“This salvation, which was first announced by the Lord, was confirmed to us by those who heard him. God also testified to it by signs, wonders and various miracles, and by gifts of the Holy Spirit distributed according to his will.” (Hebrews 2:3b-4)

Okay, I’ll just come out and say it. I long to see more miracles in the UK. I know I see miracles every single day, and for that I am hugely grateful. Here are just a few examples; the deep conversation with someone who has never opened up to anyone, the moment of clarity for a politician, the beautifully crafted song that says something significant, the planet Jupiter shining piercingly out of the night sky, my gorgeous wife just loving me. These are all miracles in the true sense of the word, but I honestly long for something more. Seeing the creator’s fingerprints in His miraculous creation inspires me, but I long for the moments when He breaks into the groove of the beautiful rhythms He kick-started, to do something unexpected, unwarranted and inexplicable.

I suspect I speak for many people reading this when I suggest that although we believe theoretically that these breakthroughs are possible, and we will pray in faith for crisis situations with all sincerity, that somewhere in the back of our heads there is a voice whispering, ‘but that only happens in the special places, or with the special people’. We’ve all heard the stories, and we probably believe them, but that’s different to having an everyday working faith that would allow our expectations to rise. As citizens of the west we have become scarily good at lowering our own expectations to avoid disappointment.

I long to see more events that will confound scientists and the media. Events that will give Him glory and force people to reconsider their presumptions, as they are so obviously not engineered by human hands. A little bit of good PR for the great stuff that many Christian organisations do is great, but are we settling for that?

More than anything I long to see my neighbours on our block released from some of the stuff that binds them. Jen and I could be the best friends possible to them for the next 20 years, running creative and clever programs in the neighbourhood, but to be honest they might only scratch the surface. For many there are layers of hurt and oppression that need some serious invisible engineering. Not that that is going to stop us just being here.

Last year Jen and I had the privilege of spending a weekend at L’Église Réformée du Mairie inParis. What is happening there is quite simply incredible. In a seedy part of town, in a gloriously low-key way, they are seeing people made whole. They are seeing demons cast out of people, ridiculous healings at close quarters and at a distance, and specific words of knowledge that have shaped political decisions. And none of this is accompanied by the sort of razzmatazz that sadly often follows along with miraculous events. Those doing the praying are often those who have experienced transformation themselves. We were prayed for by ex-prostitutes, drug addicts, and homeless folks. They were able to tell me things about myself that no-one could have known naturally. Rather than an old testament model of all the focus being on the ‘anointed special one’, the work of praying for folks is spread around a willing team of people. Amazingly and beautifully, children are often involved in directing prayers in the right direction to cause breakthrough, sensing specific strongholds that are holding someone down.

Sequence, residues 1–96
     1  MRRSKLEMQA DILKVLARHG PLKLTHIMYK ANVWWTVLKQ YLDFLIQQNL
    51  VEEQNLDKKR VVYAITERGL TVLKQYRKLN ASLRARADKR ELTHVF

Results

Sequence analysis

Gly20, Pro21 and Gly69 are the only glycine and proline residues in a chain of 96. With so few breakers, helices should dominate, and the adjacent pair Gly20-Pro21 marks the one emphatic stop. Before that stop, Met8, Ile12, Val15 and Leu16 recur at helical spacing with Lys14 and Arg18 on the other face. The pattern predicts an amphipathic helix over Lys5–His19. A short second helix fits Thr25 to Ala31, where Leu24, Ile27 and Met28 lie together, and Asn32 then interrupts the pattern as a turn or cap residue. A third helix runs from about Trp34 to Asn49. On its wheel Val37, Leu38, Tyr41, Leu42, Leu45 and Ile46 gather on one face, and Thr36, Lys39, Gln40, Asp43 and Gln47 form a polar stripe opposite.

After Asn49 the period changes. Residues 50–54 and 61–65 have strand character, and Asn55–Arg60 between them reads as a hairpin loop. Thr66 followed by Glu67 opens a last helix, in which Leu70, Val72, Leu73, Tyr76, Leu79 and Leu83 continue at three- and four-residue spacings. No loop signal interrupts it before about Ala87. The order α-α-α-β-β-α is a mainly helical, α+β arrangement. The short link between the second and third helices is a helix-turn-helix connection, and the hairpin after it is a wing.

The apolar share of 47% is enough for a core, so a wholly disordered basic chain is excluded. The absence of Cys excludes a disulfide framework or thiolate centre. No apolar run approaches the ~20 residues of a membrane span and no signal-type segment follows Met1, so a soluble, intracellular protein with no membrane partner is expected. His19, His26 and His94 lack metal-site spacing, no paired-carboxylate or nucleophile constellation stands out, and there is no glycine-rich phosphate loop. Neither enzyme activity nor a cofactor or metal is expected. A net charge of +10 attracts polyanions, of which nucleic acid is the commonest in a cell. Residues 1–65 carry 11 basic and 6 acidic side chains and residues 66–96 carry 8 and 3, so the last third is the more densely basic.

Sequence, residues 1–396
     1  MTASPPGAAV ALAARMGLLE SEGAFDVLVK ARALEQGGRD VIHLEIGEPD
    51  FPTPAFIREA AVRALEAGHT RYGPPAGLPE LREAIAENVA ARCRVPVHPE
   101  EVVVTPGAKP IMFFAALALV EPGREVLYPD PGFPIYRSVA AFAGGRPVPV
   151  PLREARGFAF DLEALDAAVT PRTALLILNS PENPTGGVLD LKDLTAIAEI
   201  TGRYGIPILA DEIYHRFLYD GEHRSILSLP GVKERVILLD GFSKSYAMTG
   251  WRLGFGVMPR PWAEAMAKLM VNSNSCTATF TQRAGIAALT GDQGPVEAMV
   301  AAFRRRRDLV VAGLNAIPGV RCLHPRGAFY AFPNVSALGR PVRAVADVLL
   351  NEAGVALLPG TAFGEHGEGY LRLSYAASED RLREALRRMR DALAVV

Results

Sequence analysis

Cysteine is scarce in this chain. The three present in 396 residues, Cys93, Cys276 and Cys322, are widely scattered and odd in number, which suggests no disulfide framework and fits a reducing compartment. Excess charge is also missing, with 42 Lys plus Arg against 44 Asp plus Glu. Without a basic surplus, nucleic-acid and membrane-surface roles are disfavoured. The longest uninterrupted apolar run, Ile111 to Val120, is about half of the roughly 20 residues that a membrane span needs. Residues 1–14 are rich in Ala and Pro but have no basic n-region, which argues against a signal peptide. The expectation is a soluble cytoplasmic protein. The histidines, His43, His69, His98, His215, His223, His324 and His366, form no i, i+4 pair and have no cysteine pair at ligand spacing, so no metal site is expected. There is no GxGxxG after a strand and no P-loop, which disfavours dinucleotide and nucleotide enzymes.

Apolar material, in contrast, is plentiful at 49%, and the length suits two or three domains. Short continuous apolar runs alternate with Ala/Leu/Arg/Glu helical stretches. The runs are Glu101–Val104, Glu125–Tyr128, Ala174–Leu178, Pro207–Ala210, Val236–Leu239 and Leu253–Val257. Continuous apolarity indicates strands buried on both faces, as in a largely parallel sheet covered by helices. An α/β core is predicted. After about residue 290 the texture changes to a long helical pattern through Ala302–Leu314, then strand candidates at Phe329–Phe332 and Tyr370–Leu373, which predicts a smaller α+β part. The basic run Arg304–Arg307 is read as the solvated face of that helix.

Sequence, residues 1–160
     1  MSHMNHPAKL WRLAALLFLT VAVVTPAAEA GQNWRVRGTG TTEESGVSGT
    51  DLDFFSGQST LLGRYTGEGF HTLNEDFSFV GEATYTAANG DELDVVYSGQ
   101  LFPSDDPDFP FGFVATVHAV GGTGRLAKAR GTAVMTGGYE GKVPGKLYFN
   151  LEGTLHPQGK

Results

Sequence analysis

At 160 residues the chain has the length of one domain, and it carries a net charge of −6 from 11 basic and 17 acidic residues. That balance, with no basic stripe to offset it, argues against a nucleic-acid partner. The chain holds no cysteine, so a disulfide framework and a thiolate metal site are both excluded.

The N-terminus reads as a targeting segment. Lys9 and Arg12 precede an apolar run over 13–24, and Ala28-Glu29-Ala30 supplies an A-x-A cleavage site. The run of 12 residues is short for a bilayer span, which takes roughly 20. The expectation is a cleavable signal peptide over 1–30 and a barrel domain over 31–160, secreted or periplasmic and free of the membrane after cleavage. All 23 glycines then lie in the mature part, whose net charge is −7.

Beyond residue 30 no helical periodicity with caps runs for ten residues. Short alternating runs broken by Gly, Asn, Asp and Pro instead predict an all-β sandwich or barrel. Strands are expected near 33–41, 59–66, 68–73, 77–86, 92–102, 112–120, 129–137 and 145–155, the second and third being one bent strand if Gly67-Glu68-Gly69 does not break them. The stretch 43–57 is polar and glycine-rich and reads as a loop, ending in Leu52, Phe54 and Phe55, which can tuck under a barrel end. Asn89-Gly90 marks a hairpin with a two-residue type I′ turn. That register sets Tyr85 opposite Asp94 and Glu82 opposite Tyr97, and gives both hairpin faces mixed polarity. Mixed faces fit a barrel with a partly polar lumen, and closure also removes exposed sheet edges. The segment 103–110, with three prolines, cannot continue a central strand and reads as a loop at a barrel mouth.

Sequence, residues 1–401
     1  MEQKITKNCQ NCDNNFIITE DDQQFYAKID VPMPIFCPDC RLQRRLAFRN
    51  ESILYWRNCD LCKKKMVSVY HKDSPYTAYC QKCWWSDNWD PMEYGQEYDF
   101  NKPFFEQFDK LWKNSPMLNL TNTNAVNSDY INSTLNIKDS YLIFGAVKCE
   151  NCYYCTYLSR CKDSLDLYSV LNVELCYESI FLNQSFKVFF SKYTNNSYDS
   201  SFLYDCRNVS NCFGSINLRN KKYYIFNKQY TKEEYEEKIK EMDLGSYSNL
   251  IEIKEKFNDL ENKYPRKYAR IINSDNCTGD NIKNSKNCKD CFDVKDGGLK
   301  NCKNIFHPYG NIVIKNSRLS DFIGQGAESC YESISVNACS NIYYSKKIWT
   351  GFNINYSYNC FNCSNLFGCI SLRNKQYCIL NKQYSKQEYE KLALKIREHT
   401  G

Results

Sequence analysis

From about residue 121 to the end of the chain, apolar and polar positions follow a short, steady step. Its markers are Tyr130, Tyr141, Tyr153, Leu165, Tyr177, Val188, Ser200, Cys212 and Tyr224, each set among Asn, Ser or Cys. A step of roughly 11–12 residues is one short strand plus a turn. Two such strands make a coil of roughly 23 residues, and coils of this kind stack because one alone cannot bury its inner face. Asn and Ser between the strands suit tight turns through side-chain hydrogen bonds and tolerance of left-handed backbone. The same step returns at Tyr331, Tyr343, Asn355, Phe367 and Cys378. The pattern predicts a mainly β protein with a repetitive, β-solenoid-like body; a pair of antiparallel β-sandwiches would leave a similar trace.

One of the team saw letters dancing above the head of an Ivorian lady who had huge physical and psychological issues and they formed into a word that made no sense to the ‘pray-er’. When they asked the lady what these letters could mean, she broke down, as they were the name of a man (a sorcerer) who had raped her in her village. She had never told anyone. She was healed and delivered and is now healthy, a believer and part of the prayer team.

We saw some wonderful stuff, and heard many more mind-blowing stories like that, but none of it was loud or hyped. Just people allowing God to do His thing. Amazing. And restorative to my faith. It feels like they are doing the right stuff in the right places. God moves when we reach out to the broken.

Is it time for us to raise our expectations? Is it time for us to put away our cynicism? Is it time for us to be dwelling in places of need? Please send in your stories of UK miracles. I do know one thing. I know the problem isn’t at God’s end. More on that next time…

Written by Andy Flannagan // Follow Andy on  Twitter // Andy's  Website

Andy is a London-based, Irish singer-songwriter who was previously a hospital doctor but whose proudest moment as an Irishman was captaining England’s Barmy Army during the Ashes in Australia. He spends much of his time with his wife Jenny working out how to be downwardly mobile in the centre of London. Drowning in the Shallow was described as a 'near-perfect album' by Cross Rhythms magazine, but he is still disappointingly imperfect. He is also the Director of Christians on the Left. A key driving passion of Andy’s is to see a just re-wiring of the global economic system.

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